Beet greens are awesome and easy to prepare. Print the complete recipe at
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Shot with a Canon 60D DSLR using a Tokina 11-16mm lens and a Canon 50mm f/1.8 lens. Edited in Sony Vegas Movie Studio.
The music track is from The Crown of India by Edward Elgar and is performed by the United States Marine Band and can be found at this link:
If you purchase beets with the greens intact, don't throw those greens away!!! You can cook up a nice dish using the greens (and if you don't buy beets with the greens, then you need to make an adjustment in your shopping habit).
1 bunch beet greens
½ red onion (chopped)
1/3 Red bell pepper (chopped)
2 cloves garlic (thinly sliced)
2 Tbsp olive oil
Salt (to taste)
Pepper (to taste)
Lemon juice or vinegar (optional)
Remove the greens from the root and wash thoroughly –greens always seem to need a good washing, especially beet greens. I like to separate the green leaf from the thicker stem since the leafy greens will need far less time to cook. Heat 2 Tbsp of olive oil on med-med high heat. When the oil is hot, add onions and garlic. I chop the onion big and the garlic thin. Stir for a minute and then add the red bell pepper and stir for a few minutes more. I use about a third of a red pepper, not too much—it's more for color than to influence the taste of the dish—it's a nice contrast to the dark greens. Add a little water if needed, but not too much, the greens will release plenty of water. Add the beet green stems; these will soften pretty fast, so a minute or two will be plenty of time (overcooked veggies are a drag, man). Add the leafy greens. Initially, I don't mix the greens with the ingredients; I just cover the skillet for a minute or two and give the greens time to wilt. Remove the lid and stir. Add salt and pepper to taste and stir a minute more. That's about when they're ready. Camera Girl likes to add a splash of lemon, but I can take it or leave it (some folks like vinegar with greens). Remove from heat and serve hot.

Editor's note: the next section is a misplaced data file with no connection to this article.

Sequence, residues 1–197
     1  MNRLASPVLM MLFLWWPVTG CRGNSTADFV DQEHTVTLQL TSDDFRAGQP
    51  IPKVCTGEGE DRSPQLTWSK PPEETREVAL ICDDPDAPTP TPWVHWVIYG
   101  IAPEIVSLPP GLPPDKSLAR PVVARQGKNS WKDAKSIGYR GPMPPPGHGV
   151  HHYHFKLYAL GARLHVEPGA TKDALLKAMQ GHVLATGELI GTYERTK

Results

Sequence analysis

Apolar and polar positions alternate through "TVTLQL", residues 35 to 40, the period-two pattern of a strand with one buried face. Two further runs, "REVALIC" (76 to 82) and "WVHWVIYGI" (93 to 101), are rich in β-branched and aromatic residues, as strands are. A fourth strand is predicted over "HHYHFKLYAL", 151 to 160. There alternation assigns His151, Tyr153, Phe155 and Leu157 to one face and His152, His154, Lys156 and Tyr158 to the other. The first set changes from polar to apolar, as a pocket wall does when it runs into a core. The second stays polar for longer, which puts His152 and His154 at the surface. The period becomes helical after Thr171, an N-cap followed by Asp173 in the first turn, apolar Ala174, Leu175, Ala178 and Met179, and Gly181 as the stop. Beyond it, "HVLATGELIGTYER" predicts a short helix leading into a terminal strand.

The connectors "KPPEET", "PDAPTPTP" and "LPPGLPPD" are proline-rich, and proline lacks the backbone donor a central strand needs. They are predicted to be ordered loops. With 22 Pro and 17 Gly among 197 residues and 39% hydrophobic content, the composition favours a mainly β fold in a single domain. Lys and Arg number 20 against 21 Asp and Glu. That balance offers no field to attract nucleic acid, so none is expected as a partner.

Beet greens make a great side, especially with chicken or a cheap cut of meat. I serve greens as a main dish, over quinoa, which is a seed that acts like a grain and is an excellent source of protein.